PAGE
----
Having the audacity to hope

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I had a lousy childhood. I was a scapegoat for my mother’s anxieties, fears and rage. She birthed me at a most inconvenient time for her during a very brief second marriage with a man she hated, all the while having an affair with my future stepfather through the four or five dismally volatile years she lived with my father. Once she married my stepfather she spent the rest of their married life in and out of rage at, or fear of abandonment by him.

She needed me in the mix like a hole in the head!

And she let me know it, warning me not to make too much noise or eat too much food lest stepfather would notice. When they had my younger brother I was eight years old, and whatever was left of my miserable birthright vanished immediately and forever. I remember my childhood as a dark and fearful time; all the while doing everything I could to go unnoticed. Now and then when I attempted to make a stand for myself even as a young child, I sought attention through outbursts, migraines, or sickness. Alas, it was in vain. For mother’s attention came at me in the form of terrifying wrath shaming me into believing I was a destructive and hateful being.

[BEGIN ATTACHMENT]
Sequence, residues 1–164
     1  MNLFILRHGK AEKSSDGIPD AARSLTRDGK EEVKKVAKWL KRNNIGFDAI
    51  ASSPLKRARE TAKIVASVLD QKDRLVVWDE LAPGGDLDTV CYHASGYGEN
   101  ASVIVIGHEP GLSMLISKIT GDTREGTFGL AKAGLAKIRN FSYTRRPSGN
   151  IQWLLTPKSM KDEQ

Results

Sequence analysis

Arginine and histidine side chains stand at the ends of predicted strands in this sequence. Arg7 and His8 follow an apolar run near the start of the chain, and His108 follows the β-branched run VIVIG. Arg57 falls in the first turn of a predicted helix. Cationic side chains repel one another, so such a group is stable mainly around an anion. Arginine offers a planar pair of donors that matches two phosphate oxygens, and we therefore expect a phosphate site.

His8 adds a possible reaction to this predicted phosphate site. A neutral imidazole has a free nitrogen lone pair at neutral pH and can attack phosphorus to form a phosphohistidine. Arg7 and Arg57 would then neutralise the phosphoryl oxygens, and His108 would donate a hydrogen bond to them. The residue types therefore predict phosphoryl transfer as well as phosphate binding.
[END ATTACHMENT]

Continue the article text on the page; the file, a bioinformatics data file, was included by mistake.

In my first marriage my husband disliked me. I know for many different reasons. But most importantly he blamed me for making him marry me, and forced me to have an abortion early in my second pregnancy threatening to leave me if I refused. I agreed to everything because I believed I deserved what he doled out. My mother had taught me that I was worthless, and that I should feel grateful to anyone who would want me at all. I believed her theory about me, that a “black star” hovered over my head.

That abortion broke my heart for the rest of my life.

Knowing what I know now about early childhood development, care and education, I am aware that young children believe they are at fault, and that they deserve abuse from their parents. Therefore, I understand that it was impossible for me not to believe that at my core I was a worthless and unwanted being.

Looking back as a sixty-six-year-old woman with silvery hair, and as an accomplished early childhood professional, author and teacher, I realize that somehow through all the abuse I managed to hold onto an audacity to hope that I could deserve better. As a survivor, I developed resilience through searching for support through the kindness of strangers. Growing up, I discovered ways to belong by joining organizations and groups whose ideology included compassion for the human condition, and a belief that we are all in this together. Each time I tried to love or help others feel included I retained pieces of the feelings for me.

Sitting around hating and whining never became my shtick. Lately as I continue to heal, I seek out those who are non judgmental, or able to accept me as I am. Of course I still struggle with self-acceptance or self-compassion.

And I realize that at some level I probably always will.

A year ago at Mining Nuggets: It's all about compassion